They list a bunch of supporting evidence, which I'll summarize here. If you want to follow along, some of this stuff is also in a long excerpt from the book that appeared a couple of weeks ago in the Jan. 17 issue of Sports Illustrated (the article, unfortunately, does not appear to be online).
1. In soccer, the referee controls how much extra "injury time" is added to the end of a match. It turns out that injury time is longer when the home team would benefit. When the home side was ahead by a goal, there were two minutes of injury time, on average, in a sample of Spanish league games. But when they were *behind* by a goal, it was four minutes.
2. In 1998, the point structure changed to give the winning team three standings points instead of two. Immediately, the above injury time bias increased.
3. The same bias exists in England, Italy, Germany, Scotland, and the US.
4. "... home teams receive many fewer red and yellow cards even after controlling for the number of penalties and fouls on both teams."
5. In baseball, the authors looked at the percentage of called pitches that are strikes. In crucial situations (high leverage), home teams got a lot more favorable calls. But in low-leverage situations, it was *road* teams that got more favorable calls. "This makes sense," the authors write. "If the umpire is going to show favoritism to the home team, he or she will do it when it is most valuable -- when the outcome of the game is affected the most. You might even contend that it noncrucial situations the umpire might be biased against the home team to maintain an overall appearance of fairness."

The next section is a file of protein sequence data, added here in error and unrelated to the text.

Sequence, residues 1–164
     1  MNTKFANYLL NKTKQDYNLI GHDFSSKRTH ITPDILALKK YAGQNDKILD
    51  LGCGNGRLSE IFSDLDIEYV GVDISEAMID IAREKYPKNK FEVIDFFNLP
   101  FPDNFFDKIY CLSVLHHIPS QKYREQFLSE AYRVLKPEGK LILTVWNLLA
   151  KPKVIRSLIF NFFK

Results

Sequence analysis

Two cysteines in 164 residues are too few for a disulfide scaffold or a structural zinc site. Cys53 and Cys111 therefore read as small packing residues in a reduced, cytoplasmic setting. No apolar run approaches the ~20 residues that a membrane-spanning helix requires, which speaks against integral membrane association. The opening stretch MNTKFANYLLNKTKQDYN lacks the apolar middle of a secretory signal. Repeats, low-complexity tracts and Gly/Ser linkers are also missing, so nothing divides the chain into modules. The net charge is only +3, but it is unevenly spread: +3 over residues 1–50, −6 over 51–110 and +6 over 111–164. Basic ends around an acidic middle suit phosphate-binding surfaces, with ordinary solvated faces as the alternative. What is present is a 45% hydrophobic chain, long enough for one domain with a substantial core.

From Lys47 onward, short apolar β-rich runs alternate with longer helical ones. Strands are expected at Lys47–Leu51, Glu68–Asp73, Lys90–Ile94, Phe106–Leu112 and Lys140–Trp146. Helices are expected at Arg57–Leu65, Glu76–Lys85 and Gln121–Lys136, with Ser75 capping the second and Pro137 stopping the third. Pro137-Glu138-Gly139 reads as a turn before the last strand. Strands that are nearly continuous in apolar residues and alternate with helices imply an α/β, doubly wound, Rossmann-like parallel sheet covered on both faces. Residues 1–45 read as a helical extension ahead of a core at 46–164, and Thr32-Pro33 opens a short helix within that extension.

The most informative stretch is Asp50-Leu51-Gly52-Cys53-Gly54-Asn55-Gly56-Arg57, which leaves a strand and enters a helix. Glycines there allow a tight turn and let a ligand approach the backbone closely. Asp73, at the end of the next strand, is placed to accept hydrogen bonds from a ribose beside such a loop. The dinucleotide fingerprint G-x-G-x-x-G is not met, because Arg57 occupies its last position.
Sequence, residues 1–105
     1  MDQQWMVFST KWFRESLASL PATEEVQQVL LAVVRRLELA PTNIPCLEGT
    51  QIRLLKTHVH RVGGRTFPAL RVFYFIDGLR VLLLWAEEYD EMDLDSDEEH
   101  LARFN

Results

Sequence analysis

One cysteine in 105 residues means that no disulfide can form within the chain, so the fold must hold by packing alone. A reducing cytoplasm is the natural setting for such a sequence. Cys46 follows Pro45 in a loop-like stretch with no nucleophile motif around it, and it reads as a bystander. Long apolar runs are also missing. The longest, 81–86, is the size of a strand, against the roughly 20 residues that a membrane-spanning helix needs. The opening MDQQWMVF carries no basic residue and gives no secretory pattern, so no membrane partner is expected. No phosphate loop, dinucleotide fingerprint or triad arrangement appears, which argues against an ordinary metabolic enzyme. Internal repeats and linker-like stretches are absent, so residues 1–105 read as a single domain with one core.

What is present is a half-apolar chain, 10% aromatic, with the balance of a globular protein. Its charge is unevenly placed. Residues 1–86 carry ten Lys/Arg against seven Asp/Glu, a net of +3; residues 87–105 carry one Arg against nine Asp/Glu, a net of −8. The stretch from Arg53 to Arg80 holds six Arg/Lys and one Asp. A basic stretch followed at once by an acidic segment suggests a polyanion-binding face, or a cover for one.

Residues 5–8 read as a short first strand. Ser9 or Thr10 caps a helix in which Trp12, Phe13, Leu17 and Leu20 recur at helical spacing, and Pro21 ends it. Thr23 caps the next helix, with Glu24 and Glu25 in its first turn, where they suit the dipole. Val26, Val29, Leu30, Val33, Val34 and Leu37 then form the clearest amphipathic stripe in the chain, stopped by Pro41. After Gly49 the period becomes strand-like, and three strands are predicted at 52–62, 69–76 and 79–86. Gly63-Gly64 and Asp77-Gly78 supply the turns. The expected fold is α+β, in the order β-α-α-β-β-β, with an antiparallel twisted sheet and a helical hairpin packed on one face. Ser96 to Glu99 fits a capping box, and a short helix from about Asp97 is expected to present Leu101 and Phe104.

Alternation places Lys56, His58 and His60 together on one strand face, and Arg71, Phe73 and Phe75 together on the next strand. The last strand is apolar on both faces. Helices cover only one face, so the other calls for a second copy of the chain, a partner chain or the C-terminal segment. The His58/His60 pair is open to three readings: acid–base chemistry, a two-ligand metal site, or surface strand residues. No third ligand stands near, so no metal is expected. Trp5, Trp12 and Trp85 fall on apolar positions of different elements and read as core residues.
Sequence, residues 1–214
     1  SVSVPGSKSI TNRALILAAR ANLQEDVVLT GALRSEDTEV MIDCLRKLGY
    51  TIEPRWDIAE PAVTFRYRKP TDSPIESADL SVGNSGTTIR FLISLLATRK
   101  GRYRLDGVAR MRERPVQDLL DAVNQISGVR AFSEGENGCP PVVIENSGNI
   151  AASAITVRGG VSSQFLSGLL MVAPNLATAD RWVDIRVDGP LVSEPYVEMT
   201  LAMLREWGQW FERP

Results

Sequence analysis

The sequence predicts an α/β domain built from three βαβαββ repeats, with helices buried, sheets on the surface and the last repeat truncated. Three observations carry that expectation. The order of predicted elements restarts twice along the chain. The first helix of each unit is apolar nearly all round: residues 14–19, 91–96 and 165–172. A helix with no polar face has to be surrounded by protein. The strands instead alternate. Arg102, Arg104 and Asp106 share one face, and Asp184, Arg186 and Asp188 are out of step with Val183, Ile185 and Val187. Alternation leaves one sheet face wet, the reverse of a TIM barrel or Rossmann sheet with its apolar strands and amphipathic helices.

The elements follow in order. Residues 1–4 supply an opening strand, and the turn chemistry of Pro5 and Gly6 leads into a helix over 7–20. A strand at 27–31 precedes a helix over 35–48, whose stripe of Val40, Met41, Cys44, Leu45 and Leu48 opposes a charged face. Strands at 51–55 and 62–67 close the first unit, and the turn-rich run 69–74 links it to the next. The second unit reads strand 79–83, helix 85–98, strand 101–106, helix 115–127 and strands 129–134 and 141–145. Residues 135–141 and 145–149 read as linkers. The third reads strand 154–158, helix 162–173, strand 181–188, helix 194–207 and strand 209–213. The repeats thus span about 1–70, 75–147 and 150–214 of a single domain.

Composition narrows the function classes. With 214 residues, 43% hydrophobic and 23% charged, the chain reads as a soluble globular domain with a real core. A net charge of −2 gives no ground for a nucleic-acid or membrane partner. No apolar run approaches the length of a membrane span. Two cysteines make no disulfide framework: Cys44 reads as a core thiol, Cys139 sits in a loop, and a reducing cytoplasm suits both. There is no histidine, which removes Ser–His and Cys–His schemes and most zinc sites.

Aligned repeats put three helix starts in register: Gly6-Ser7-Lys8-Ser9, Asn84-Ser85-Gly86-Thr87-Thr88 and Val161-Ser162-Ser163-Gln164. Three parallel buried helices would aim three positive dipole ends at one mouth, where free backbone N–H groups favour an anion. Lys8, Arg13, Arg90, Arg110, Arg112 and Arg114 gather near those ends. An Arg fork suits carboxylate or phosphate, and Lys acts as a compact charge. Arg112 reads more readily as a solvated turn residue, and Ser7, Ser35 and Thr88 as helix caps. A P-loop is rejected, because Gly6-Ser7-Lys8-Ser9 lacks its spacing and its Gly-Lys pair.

6. " ... the success rates of home teams in scoring from second base on a single or scoring from third base on an out -- typically close plays at the plate -- are much higher than they are for their visitors in high-leverage/crucial situations. yet they are no different or even slightly less successful in noncrucial situations."
7. Over a large sample of 5.5 million pitches, "called strikes and balls went the home team's way, *but only* in stadiums without QuesTec ... Not only did umpires not favor the home team when QuesTec was watching them, they actually gave *more* strikes and *fewer* balls to the home team. In short, when umpires knew they were being monitored, home field advantage on balls and strikes didn't simply vanish; the advantage swung all the way to the visiting team."
8. In low-leverage situations, even in non-QuesTec parks, there was no bias at all.
9. The authors then analyzed pitches using Pitch f/x data, to see how many pitches were miscalled based on the recorded location. For pitches on the corner of the strike zone, there were more miscalls in the home team's favor than in the visiting team's favor. The home advantage was largest on full-count pitches, followed by other three-ball counts, other two-strike counts, and, lastly, all other counts. So, the more crucial the pitch, the greater the HFA.
10. "Over the course of the season, all of this adds up to 516 more strikeouts called on away teams, and 195 more walks awarded to home teams than there otherwise should be, thanks to the home plate umpire's bias. And that includes only terminal pitches -- where the next called pitch will result in either a strikeout or a walk. Errant calls given earlier in the pitch count could confer an even greater advantage on the home team."